Don’t read too much into the NLRB's recent "Facebook rant" ruling. Despite much employer hand-wringing, the decision didn't give employees a free pass on social media posts. They still don’t have license to defame, disparage or otherwise trash their company, management, product or co-workers. Here's why.
When an employee announces she’s pregnant, her employer better be able to deliver more than just congratulations. You need legally sound, consistent policies and practices to ward off potential pregnancy complications of your own. Here’s how best to comply with the FMLA, plus a sample policy you can adapt to your own organization:

You know the saying: One bad apple can spoil the whole bunch. If you’re a manager, you may occasionally encounter a bad apple. So what does a leader do to stop “problem” employees from spreading their negative influence?

Employees will undoubtedly leave their termination meeting in a foul mood. So, don't give them any reason during that meeting to send them marching to a lawyer's office. As you'll see in the case below, one inflammatory phrase from a supervisor can spark a lawsuit...
As of January, HR professionals can earn recertification credit for creating blog posts that cover HR-related topics, according to the HR Certification Institute.

Employers sometimes assume they have to harshly punish every incident that violates their sexual harassment policies—which often means termination. That isn’t necessarily so. You can differentiate between various kinds of conduct that fit your definition of harassment, but clearly aren’t equally severe.

Every summer, enterprising teens turn up in droves seeking employment at businesses all across the country.  As much as teens might want to be treated like adults, employers would be remiss to do so. Reason: Treating teen employees in the same manner as you treat adult employees could result in a violation of federal law.

You’ve had it up to here. Now it’s time to fire a poorly performing employee. As you’re about to do so, the employee wants to tell you something. But you tell her to “zip it.” Nothing she says will change your mind. As this case shows, you better zip it yourself and listen. Here’s why …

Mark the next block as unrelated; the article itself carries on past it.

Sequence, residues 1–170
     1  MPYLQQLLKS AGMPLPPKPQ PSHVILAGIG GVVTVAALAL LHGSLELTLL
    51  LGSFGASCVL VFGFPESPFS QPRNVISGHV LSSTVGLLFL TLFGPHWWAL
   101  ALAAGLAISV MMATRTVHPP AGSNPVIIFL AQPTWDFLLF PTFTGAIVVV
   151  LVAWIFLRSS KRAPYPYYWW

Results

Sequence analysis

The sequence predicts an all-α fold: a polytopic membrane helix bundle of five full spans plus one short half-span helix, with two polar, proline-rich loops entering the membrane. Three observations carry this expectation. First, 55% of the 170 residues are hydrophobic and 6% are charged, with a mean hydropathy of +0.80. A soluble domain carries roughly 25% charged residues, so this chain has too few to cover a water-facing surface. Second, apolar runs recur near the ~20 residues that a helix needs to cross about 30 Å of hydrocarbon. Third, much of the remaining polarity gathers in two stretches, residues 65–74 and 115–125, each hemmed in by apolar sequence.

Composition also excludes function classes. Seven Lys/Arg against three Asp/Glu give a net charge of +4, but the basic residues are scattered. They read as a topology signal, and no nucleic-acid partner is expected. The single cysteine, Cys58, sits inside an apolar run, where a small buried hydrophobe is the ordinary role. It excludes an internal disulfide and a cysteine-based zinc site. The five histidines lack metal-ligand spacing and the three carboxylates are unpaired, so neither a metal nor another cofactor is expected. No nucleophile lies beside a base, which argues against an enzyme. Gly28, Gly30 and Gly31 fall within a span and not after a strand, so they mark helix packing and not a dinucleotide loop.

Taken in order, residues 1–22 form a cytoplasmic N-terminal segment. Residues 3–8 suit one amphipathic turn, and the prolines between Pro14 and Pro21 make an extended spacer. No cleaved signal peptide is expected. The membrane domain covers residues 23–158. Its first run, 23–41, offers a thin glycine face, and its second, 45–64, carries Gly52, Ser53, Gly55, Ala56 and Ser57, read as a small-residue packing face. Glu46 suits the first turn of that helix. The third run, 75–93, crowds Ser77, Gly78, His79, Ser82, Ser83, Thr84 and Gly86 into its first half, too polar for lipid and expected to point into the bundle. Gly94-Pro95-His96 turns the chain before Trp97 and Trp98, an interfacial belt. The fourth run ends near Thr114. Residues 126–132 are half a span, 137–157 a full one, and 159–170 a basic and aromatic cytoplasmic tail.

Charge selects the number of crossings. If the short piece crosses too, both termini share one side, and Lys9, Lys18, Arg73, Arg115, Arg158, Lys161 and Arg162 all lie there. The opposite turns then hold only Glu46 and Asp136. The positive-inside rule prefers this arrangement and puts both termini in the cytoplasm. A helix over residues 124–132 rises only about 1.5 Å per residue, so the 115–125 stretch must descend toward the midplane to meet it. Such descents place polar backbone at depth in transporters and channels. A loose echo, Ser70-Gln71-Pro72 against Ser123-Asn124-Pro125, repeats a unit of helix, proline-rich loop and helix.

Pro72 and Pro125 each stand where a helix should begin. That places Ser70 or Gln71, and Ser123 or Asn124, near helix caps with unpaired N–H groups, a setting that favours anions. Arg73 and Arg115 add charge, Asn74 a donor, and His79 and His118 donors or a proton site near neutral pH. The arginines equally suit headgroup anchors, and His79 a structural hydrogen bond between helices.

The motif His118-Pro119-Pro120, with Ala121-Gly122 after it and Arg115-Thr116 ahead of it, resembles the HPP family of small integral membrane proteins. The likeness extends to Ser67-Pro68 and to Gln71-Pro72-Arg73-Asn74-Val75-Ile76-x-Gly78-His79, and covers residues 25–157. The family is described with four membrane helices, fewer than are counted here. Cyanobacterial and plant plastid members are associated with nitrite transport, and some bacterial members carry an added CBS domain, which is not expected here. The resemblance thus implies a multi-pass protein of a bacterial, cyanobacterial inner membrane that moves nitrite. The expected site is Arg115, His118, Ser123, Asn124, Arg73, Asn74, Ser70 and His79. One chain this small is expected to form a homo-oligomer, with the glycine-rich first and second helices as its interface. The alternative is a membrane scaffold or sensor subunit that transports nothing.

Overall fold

Drafting  performance reviews is always a daunting task for supervisors, for many legitimate reasons. In reality, it doesn’t need to be that way. One simple way to reinvent performance appraisals is to shift the responsibility for initial evaluations back to your employees.

College presidents don’t like to admit it, but as cheerleaders in chief, they need charm to chat up everyone from teenagers to rich donors. Without charm, they’d be sunk.

Many businesses have a link on their web sites that creates an auto-responder e-mail. You can buy fancy auto-responder software programs to enable this functionality. However, you can create your own program using Outlook 2007. It’s not beyond the average user!

After 20 years of being a secretary, writes one administrative professional, she knows how to do the necessary work. That hasn’t kept her current supervisor or her supervisor’s boss—both women—from berating and intimidating her. The admin asks, “How can I learn to stand up for myself in a professional manner?”